Diving into his workflow, Filip talks about moving quickly and just going with what sounds good to get tracks written. In an inspiring interview with Pitchfork, they explain that album was actually written in a month. This is great advice for anyone making music.
Poolside also only play daytime gigs and pool parties which sounds like my idea of heaven. Especially if followed up with a nice cup of tea and a slice of cake :)
If you don’t use Spotify or fancy a digital download then Poolside have self-released their album for $5 which quite frankly is a steal. Nice to see artists going down the self-publishing route and I’d love to know how this has been working out for them.
Kicking off 2015 with some positive sunny vibes to fend off the shitty British winter. This cover of Bob Marley’s classic fits snugly in to the emerging trend for ‘Tropical’ house music coming from artists like Matoma and Kygo who are incidentally both from Norway.
In fact an interesting piece about Tropical House on blog lessthan3.com succinctly points out:
"It's interesting that all the Tropical House producers are from places that are cold as fuck. You think it'd be some dude from Jamaica making all this stuff, but instead it's a bunch of nordic and northern Europeans..."
Nonetheless definitely loving this antidote to the full on sounds of EDM and chilly winter blues.
The Creative Class is a series of interviews with renowned creatives about their take on digital technology - interesting stuff.
I particularly like the video with Fred Deakin (of Lemon Jelly fame) where he talks about the possibilities for innovation but also the distractions that come with digital tools. Ironically whilst watching this video I was completely distracted by Fred’s totally amazing record collection, Clavia Nord synth and stunning workspace!
I’ve actually been listening back to the old Lemon Jelly album ‘Lost Horizons’ and reading up on their production so I was doubly chuffed to come across this. They were a big inspiration for the track Village Green I wrote recently.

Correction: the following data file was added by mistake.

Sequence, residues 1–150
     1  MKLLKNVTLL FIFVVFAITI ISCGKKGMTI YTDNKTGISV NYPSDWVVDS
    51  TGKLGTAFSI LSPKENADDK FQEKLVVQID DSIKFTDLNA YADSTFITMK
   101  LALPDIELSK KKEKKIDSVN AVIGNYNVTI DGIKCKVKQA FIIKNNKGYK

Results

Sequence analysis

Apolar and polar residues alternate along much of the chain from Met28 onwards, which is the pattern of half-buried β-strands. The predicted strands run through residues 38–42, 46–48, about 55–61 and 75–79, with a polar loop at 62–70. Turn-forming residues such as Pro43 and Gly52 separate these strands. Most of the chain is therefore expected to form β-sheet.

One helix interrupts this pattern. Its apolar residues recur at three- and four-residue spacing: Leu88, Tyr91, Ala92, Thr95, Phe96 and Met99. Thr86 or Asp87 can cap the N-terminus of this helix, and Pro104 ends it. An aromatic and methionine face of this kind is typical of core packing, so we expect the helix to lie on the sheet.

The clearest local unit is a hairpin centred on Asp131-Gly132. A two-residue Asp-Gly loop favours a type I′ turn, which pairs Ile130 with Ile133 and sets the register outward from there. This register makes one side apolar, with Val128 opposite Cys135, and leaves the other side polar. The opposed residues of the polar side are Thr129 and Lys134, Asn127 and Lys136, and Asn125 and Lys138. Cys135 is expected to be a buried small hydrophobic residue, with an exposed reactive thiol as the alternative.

The Creative Class also features a video with Damon Albarn where he talks about using loops and video…
The initiative appears to be funded by WeTransfer and it’s very nice to see mature advertising in this inspirational form rather than having a pre-roll or banner jammed in your face. You can watch all the other videos right here.
Most of the time, my day job in the music industry feels like a regular job. Then I get to do something totally mind-blowing like listening to a remastering of The Beatles at Abbey Road!
This listening session was for the release of the new Beatles in Mono boxset. Abbey Road have recreated the very first mono vinyls which were released by the band in the ’60s. Stereo was around in the ’60s but it wasn’t widespread and because recording was limited to 4-tracks then Stereo mixes often just had the original master tracks hard-panned. You can spot this on old recordings where you can hear the drums coming out of one speaker and vocals from the other.
The playback took place in Studio 3 which is where the band originally recorded and the equipment used was a super high-end $85k McIntosh hi-fi. Suffice it to say that it sounded amazing. All the different musical parts sounded really alive and seemed to fit so well into the sonic space, without a stereo soundstage.
I left the session realising that this is something which is easy to forget when mixing tracks in a modern DAW. There are so many stereo tools available to us that it’s easy to get bogged down and forget that great music can sound completely awesome and make you dance or cry without a stereo mix.
At the end of last year my wife and I made the decision to quit the big smoke and move out of London to leafy Hertfordshire. As my current job is based in town, I was pretty freaked out about becoming a commuter and living out in the sticks.
As is frequently the case, it turns out our worst fears are often nothing more than just that.
The commute is not one I plan on doing forever, but it turns out that getting off the train at the end of a long day and stepping into the English countryside is literally like a breath of fresh air. Taking in the trees, birds and beautiful scenery on the walk between home and the station has become a daily dose of inspiration.
Spending all day at the office responding to emails without any time to make music can feel like emptying the sink and watching your soul disappear down the plughole. Fortunately I find it’s always possible to carve out a slice of creative time somewhere….
My latest tactic involves taking advantage of the lobby of the local Hilton during lunch.
The great things about this are: